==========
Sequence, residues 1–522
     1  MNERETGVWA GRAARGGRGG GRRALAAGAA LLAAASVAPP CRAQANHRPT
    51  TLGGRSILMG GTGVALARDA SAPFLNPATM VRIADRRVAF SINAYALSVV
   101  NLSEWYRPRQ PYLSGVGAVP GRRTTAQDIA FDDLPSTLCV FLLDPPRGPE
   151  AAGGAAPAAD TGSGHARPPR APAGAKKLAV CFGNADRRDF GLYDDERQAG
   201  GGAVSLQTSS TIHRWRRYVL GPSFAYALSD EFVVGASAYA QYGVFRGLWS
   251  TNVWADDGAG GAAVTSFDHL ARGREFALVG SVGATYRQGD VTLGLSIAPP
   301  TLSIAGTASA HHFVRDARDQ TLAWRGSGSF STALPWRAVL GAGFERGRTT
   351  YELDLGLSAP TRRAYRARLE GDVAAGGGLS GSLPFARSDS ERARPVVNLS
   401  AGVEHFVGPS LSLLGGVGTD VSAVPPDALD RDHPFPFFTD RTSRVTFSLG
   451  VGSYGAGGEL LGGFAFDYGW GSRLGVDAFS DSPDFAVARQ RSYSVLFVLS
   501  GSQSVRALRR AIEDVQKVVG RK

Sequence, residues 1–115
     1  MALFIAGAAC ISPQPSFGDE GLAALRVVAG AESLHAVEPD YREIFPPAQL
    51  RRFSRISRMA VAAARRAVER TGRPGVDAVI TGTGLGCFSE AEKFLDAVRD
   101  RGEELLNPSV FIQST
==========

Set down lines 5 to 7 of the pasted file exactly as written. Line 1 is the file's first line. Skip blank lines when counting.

   151  AAGGAAPAAD TGSGHARPPR APAGAKKLAV CFGNADRRDF GLYDDERQAG
   201  GGAVSLQTSS TIHRWRRYVL GPSFAYALSD EFVVGASAYA QYGVFRGLWS
   251  TNVWADDGAG GAAVTSFDHL ARGREFALVG SVGATYRQGD VTLGLSIAPP